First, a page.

These disappointments led many New Hampshire women to turn their efforts towards passing a federal woman suffrage amendment. Sally W. Hovey became chair of the New Hampshire branch of the National Woman’s Party. She participated in the group’s more aggressive lobbying tactics and demonstrations in the fight for enfranchising women through passage of the Susan B. Anthony Amendment.

After decades of arguments for and against women's suffrage, Congress finally approved the 19th Amendment in June 1919. After Congress passed the 19th Amendment, at least 36 states needed to vote in favor of it for it to become law. This process is called ratification.
On September 10, 1919, New Hampshire voted to ratify the 19th Amendment. By August of 1920, 36 states (including New Hampshire) ratified the amendment and it became part of the U.S. Constitution, ensuring that across the country, the right to vote could not be denied based on sex.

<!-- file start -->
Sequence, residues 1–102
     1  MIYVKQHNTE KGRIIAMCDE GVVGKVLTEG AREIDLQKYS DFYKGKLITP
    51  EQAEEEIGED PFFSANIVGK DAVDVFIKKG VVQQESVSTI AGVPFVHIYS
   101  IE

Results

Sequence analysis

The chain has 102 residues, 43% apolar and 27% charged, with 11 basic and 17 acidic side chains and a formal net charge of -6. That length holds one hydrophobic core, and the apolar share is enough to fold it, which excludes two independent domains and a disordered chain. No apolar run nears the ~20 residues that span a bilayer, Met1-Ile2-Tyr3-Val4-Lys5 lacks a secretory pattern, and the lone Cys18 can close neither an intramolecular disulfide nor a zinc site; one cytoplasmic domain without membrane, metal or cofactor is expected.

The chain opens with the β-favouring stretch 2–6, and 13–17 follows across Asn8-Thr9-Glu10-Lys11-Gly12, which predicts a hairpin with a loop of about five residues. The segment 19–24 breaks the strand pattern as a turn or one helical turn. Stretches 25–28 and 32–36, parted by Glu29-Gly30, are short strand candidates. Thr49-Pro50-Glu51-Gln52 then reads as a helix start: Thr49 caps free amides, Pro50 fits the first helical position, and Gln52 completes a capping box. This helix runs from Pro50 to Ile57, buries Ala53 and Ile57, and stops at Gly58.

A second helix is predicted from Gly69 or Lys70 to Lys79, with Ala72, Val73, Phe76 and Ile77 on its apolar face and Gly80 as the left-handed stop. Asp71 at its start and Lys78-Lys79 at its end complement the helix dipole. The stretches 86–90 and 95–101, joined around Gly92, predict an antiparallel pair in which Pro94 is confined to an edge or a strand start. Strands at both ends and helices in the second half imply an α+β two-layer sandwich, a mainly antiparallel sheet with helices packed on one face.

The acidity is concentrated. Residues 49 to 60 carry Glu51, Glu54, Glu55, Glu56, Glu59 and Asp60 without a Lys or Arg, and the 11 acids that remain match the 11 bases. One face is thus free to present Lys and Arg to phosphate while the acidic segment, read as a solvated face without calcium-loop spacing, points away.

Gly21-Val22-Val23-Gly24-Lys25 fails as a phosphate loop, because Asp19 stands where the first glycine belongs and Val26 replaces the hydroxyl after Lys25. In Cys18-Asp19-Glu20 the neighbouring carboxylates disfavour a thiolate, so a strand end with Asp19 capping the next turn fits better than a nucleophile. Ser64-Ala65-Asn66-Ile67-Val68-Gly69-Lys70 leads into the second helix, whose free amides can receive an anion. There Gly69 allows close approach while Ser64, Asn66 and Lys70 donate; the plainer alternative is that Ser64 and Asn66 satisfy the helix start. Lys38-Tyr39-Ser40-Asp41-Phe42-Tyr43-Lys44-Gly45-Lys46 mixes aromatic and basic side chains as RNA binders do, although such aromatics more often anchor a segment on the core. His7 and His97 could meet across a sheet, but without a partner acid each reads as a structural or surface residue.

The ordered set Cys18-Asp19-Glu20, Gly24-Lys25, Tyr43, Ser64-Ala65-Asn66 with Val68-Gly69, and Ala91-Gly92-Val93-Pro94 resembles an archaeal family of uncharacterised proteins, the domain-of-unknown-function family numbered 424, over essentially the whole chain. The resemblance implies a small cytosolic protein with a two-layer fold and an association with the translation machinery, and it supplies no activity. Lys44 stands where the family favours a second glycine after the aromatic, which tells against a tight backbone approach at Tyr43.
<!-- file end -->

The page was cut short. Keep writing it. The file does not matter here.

State flag of New Hampshire
State flag of New Hampshire. CC0

New Hampshire Places of Women’s Suffrage: The Eagle Hotel

Constructed in 1851, the Eagle Hotel is located across the street from the State Capitol Building. It was an important meeting place for politicians. In February of 1913, women’s suffrage organizations held a large banquet at the hotel. Suffragists from across the state attended and several notable figures spoke at the event, including Governor Samuel Felker and William J. Britton, Speaker of the House of Representatives. The Eagle Hotel is listed on the National Register of Historic Places.

Exterior of long brick buidlign with windows. Photo: by Ken Gallager, CC BY-SA 3.0,
Discover More Places of Ratification

The Eagle Hotel is an important place in the story of ratification. It is listed on the National Register of Historic Places.

Sources used to make these state pages include: Ida Husted Harper's History of Woman Suffrage: 1900-1920, Volume 6 (1922), the National American Woman Suffrage Association papers (Library of Congress), and National Register nominations from the National Park Service. Sources for this page include Janice A. Brown's New Hampshire History Blog (, "A Brief History of the New Hampshire Woman Suffrage Association and Report of the Annual Meeting in Manchester, October 25, 1907," published by the New Hampshire Woman Suffrage Association and online at, and The League of Women Voters of New Hampshire.

Last updated: August 9, 2019